NU Online News Service, March 24, 2004, 6:33 p.m. EST – Members of the National Association of Insurance Commissioners, Kansas City, Mo., seem to be giving up on mobilizing quick support for another group’s market conduct model.[@@]
NAIC leaders wanted to rally support for the model, which was approved Feb. 27 by the National Conference of Insurance Legislators, Albany, N.Y., in time for the U.S. House Financial Services Committee’s March 31 hearing on federal insurance regulation.
NAIC leaders had hoped commissioners could approve a slightly modified version of the NCOIL model after making minor technical changes.
But coming up with broad support for the model by next Wednesday is “probably unrealistic,” says Joel Ario, the NAIC secretary-treasurer and Oregon insurance administrator.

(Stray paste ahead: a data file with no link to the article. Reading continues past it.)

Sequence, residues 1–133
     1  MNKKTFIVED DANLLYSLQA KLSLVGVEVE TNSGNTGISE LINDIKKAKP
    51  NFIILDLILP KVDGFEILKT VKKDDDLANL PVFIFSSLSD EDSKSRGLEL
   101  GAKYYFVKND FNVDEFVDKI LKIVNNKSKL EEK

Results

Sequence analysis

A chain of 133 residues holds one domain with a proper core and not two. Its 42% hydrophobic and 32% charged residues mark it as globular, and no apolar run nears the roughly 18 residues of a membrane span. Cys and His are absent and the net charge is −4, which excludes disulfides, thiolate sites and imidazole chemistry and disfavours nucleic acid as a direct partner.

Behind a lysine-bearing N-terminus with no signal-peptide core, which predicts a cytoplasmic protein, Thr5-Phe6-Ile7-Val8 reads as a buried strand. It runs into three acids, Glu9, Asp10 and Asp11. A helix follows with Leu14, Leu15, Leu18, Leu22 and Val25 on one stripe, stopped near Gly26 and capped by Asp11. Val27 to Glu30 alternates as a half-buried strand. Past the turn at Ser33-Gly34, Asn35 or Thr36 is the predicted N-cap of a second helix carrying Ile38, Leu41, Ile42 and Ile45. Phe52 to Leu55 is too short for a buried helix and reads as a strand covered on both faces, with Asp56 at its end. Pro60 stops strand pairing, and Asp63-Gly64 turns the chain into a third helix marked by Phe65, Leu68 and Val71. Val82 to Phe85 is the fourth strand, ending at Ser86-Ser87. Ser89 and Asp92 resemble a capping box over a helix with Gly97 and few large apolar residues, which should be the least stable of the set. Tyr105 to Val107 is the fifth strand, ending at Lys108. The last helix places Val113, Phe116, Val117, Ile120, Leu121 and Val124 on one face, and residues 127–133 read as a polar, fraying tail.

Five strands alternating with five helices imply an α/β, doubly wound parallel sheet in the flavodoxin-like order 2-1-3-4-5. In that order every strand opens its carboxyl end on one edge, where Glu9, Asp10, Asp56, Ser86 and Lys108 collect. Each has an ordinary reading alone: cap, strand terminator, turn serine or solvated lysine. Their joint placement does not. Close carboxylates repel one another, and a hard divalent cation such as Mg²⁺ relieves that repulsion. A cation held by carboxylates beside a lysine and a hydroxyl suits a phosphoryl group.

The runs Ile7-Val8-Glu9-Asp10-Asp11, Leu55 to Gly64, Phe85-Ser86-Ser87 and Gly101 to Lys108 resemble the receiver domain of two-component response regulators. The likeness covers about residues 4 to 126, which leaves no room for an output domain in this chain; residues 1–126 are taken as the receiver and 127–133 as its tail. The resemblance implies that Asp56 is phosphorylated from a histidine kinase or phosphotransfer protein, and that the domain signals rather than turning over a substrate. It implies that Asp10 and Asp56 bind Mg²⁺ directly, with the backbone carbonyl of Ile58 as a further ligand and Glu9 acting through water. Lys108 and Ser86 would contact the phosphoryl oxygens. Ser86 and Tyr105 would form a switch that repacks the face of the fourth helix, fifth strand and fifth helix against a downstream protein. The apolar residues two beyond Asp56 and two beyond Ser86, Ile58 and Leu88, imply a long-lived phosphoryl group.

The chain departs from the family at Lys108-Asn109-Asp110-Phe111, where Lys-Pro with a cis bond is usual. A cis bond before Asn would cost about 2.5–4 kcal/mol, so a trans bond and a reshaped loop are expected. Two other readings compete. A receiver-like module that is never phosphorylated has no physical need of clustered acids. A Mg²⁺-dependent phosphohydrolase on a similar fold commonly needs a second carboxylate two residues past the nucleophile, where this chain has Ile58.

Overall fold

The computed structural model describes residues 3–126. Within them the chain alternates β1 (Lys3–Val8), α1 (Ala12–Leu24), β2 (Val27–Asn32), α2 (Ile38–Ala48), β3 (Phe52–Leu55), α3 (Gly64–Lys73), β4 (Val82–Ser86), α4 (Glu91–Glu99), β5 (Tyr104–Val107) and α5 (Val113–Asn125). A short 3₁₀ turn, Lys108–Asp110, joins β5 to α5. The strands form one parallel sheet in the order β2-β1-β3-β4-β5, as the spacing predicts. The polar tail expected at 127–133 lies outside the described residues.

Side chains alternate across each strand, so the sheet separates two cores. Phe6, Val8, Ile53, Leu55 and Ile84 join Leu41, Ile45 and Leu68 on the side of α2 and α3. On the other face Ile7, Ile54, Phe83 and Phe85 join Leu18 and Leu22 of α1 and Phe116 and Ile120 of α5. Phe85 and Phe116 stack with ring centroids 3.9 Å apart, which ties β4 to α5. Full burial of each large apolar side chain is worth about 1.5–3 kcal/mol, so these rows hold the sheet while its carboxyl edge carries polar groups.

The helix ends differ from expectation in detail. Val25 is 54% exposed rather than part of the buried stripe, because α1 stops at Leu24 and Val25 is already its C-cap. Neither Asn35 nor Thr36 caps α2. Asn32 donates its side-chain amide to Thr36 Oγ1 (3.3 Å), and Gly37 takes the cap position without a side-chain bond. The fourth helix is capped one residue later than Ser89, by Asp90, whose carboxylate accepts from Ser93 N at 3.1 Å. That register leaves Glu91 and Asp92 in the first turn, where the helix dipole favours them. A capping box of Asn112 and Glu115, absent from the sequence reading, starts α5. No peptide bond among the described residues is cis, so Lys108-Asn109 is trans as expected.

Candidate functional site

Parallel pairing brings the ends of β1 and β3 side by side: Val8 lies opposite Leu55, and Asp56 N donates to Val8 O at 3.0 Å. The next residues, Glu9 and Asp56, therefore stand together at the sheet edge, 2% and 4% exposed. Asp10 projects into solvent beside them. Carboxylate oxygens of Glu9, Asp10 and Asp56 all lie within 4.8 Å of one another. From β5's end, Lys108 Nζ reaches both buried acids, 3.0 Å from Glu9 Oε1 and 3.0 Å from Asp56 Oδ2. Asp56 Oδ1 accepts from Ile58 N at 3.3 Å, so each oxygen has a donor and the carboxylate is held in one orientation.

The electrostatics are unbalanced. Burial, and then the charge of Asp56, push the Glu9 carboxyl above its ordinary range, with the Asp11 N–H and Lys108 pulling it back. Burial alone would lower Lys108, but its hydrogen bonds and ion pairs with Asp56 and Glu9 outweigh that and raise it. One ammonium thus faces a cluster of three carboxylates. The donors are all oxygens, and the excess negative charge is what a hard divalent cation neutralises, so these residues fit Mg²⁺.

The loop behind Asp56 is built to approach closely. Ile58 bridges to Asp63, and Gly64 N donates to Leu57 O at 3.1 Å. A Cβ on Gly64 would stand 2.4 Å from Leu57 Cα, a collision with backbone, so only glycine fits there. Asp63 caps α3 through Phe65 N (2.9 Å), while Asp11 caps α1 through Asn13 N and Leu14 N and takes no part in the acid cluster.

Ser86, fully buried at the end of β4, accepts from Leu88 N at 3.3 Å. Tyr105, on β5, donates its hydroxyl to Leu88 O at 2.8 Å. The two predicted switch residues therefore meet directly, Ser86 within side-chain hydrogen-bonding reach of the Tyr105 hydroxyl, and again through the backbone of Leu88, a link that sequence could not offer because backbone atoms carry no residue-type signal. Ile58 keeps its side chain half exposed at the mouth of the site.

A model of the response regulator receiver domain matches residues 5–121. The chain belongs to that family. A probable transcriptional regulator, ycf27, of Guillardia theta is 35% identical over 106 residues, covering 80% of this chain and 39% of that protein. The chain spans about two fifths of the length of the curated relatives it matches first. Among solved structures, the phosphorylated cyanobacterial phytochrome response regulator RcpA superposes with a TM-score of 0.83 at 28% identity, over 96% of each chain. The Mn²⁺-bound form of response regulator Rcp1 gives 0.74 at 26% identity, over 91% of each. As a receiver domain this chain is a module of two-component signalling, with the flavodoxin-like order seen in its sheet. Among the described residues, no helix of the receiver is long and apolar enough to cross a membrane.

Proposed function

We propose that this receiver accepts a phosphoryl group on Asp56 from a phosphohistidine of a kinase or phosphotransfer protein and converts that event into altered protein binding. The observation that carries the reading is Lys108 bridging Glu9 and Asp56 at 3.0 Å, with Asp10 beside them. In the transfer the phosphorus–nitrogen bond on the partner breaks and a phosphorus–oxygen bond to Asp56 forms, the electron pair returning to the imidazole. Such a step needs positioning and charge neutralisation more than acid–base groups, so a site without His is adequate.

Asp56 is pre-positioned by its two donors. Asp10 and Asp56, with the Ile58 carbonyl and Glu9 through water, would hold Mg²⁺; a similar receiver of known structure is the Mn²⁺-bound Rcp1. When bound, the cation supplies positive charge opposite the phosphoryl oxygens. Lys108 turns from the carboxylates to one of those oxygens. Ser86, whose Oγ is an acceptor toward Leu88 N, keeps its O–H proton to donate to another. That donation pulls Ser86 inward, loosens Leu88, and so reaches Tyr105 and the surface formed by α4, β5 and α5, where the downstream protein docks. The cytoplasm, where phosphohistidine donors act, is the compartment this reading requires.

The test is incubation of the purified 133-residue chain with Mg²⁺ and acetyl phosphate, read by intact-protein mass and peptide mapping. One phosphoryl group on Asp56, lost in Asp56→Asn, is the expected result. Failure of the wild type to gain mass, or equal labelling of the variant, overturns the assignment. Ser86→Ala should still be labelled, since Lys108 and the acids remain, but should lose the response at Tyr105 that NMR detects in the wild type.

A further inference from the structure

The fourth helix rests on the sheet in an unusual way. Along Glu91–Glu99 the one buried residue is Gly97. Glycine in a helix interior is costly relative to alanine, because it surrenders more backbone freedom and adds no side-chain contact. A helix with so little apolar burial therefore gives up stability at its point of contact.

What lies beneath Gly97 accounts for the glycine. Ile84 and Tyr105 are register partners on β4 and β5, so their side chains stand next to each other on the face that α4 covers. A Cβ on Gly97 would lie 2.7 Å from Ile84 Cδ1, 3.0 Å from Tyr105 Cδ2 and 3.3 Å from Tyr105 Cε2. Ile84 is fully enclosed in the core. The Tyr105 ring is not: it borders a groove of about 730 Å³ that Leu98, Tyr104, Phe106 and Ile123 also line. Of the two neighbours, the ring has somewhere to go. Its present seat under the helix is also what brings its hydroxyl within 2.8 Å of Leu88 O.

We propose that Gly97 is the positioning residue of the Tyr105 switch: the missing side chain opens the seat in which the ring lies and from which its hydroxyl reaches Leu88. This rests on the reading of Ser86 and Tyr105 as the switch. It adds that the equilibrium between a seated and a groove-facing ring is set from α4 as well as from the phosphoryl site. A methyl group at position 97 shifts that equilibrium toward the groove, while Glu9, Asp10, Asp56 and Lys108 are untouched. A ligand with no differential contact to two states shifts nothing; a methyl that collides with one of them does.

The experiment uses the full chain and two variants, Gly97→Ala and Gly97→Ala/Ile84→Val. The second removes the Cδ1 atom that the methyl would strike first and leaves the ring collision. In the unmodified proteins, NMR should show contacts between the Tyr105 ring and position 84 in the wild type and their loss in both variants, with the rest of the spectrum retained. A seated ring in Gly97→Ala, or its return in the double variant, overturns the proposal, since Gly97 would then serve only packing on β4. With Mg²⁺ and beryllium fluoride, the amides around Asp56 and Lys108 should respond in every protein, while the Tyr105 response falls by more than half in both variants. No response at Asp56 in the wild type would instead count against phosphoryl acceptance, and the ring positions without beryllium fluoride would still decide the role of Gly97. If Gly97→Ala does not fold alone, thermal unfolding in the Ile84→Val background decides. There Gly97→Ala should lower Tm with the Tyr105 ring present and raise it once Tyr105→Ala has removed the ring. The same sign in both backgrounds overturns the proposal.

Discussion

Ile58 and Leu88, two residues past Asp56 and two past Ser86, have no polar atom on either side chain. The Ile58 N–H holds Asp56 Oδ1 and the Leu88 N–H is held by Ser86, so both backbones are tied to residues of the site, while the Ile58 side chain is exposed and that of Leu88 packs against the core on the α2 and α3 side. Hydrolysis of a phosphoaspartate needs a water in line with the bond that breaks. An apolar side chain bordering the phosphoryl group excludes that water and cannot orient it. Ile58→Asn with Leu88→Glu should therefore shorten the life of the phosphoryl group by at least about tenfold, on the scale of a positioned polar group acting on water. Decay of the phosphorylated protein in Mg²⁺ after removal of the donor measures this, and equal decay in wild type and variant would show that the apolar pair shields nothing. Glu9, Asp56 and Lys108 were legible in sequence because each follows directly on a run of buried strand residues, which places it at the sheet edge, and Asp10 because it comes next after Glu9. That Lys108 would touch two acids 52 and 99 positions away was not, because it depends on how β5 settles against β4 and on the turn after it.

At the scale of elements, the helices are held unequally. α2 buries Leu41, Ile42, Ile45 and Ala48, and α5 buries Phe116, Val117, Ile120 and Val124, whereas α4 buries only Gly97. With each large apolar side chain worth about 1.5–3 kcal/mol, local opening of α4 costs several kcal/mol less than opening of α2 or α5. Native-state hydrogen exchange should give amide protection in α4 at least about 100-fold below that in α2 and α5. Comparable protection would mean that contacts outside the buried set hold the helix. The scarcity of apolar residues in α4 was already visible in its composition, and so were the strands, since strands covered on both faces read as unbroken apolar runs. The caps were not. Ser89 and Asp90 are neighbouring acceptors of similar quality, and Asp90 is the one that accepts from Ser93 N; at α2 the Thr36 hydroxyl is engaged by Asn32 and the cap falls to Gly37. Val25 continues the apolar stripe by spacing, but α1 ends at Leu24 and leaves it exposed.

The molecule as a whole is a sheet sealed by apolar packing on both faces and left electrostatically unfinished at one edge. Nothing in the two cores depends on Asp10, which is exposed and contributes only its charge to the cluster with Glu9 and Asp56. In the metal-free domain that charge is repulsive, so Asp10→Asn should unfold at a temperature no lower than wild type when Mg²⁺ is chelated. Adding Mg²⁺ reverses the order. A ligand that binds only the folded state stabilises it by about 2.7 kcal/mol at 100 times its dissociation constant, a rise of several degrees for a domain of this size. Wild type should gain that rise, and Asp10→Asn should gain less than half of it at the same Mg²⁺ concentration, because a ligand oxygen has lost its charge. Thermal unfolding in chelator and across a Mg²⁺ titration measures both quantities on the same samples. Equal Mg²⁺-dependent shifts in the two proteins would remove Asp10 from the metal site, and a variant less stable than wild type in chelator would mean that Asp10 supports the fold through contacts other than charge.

The NAIC would be better off taking the time to make sure that everyone is heard and that the NAIC’s version of the NCOIL document receives broad support, Ario said today during a meeting on the NCOIL model.
Ario did set a June deadline for efforts to get the NAIC to officially weigh in on the market conduct model.
Tim Tucker, NCOIL’s director of state-federal affairs, asked regulators to stick to technical rather than substantive changes.
But meeting participants said they had questions about some NCOIL model provisions.
Some of the participants’ comments:
- The commissioners do not want a statute to limit their actions before they undertake market conduct examinations or to tell them what actions they must take. A statute that tells commissioners what they can and cannot do would be inappropriate, according to Mark Presser, a New York regulator.
- A market conduct statute should encourage regulators to defer to market conduct efforts in an insurer’s state of domicile, but states that want their market conduct efforts to be received in other states ought to meet minimum competency standards.
- A market conduct statute should not turn financial statements and other documents that now are public into confidential documents.